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Sunday, October 18, 2015

Till We Meet Again, Caroline

Dear Caroline,

The three little toy dogs from you sat nicely on top of my computer. My blazer and the office drawer smelled like the potpourri sachets that you gave me for my birthday. It is funny how those last gifts are the ones that somehow stayed with me. We kept all your letters and greeting cards, and I still kept the necklaces that you made for me when we were first introduced to each other, but those last gifts accompanied me in daily basis. What were you thinking when you made it? Did you know your time has almost come? What thoughts did you have when you made the potpourri? Alas, I will never know.

I said "Alas", but I'm not even sure that you can answer it yourself. What I am certain, what I remember, is the memory of you presenting the gift to me. I was so proud of you, Caroline. The potpourri looked really nice and smelled subtle yet wonderful. And most importantly, you gave it to me with care for my birthday. That moment I felt like everything is going to be just fine. It was a tipping point for both you and me. We had our ups and downs, but that moment I knew it's going to be smooth sailing for both of us. Then you passed away a few weeks later. Just like that.

I never really knew you, Caroline. Except for the bits and pieces people told about you or what your son had shared with me, I barely knew you. But if, if people's reaction to someone else's death is a true reflection of who the deceased really was, then you are really something special. You are truly loved. 

We went to your church to attend the mass on your behalf. Everybody was smiling and was happy when they know we were your children. At that time they didn't know you've passed away. The mass was fun, joyful, meaningful. We were so glad to be there, to know that you were surrounded by these good people. Little did they know that the sermon that day about letting go of possession would come true. They have lost a member and a friend. A son has lost a mother. Family parted once again by the hand of death. And we all need to learn to let go. 

When we break the news, Caroline, the whole congregation fell into a deep hush. Father Richard, your priest, sat in disbelief and sadness was palpable in his face, in everyone's face. Help was asked and offered, and we manage to conclude the logistical details in record time. You are loved. I won't say "were", because they still love you. They still care about you. And when we went to your house your neighbour greeted us warmly and again, help was offered. Your son and I keep wondering why, why were you taken away from us when it seemed so many people here on earth love and care about you? But then again, maybe God loves you even more and that's all there is to it.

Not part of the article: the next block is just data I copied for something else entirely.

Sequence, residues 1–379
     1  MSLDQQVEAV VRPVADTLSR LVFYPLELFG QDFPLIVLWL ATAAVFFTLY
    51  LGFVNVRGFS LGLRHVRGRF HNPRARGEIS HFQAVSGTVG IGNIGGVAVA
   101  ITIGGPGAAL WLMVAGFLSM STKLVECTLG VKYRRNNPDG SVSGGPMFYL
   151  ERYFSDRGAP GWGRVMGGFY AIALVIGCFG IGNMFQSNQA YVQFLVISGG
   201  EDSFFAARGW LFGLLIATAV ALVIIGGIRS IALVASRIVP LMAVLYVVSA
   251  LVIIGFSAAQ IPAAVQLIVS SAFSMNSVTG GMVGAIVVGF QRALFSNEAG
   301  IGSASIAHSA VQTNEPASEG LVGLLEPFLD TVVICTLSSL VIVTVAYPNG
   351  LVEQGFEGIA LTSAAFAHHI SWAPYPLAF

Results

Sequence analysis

As always, there are many "Ifs" and "I wish" from people who love you; the all-too-common feeling of regret for not doing more, as if negotiation would bring you back. It wont. Death is not for the deceased, it is for the living. The dark shroud of death did not descend on you, it descended on us, the survivors; blinding us with grief, maddening us with the unknown answers, stupefied us with fear and loss. Even I who barely knew you felt a piece of myself missing. I felt alone and vulnerable knowing you will not be here anymore, knowing that a person that sincerely care about me is gone. But you won't come back. All the 'ifs' and 'I wish' are nothing. It is time for us to let you go.

I don't want to dwell on your death, Caroline. You deserve so much more. Let us celebrate your life instead. The pretty woman you once were, the kind soul you once had, all your dreams and hopes and passions. I want to remember you as the gorgeous young woman laughing gaily on a sailboat in one of your old pictures. I want to remember you as the doting grandmother that sat elegantly on your sofa, offering us cheese and pepperoni and olives. I want to remember us as the happy family that sat together eating breakfast after the thanksgiving day: you and your son and your granddaughter and I. 

If anything, I only need to look at your son to remember and cherish you. He was kind, he was caring, he was adventurous and inquisitive. Traits are passed with genes, but personality is taught and/or copied from the ones closest to them. And yes, his beautiful soul is a mirror of your own soul. I can look at your son and his children and see you through them, they are your legacy. How I wish more people could see this before you passed away, to see who you really are! Alas, here I go again denying and negotiating. How do I know that people don't already see your beautiful soul? This "I wish" wont change anything anyway. Had you still be alive we will still be living in oblivion because we never realize what we've got until it's gone. The boon of man.

Your ashes will rest very soon in that peaceful patch of land at your church. But even then the grief will not be fully eradicated from the heart of the people who loved you. Time heals what reason cannot. And to some, it will be a long and painful journey. Yet we rejoice to think that your trial is gone. No more sadness or grief, no more pain or anguish, no more loneliness for you Caroline. You are free. We will shed our tears now, we will be drawn and drowned in grief now, but when we are ready we will smile again. And we know you will smile with us.

Rest in peace, dearest Caroline. Till we meet again.

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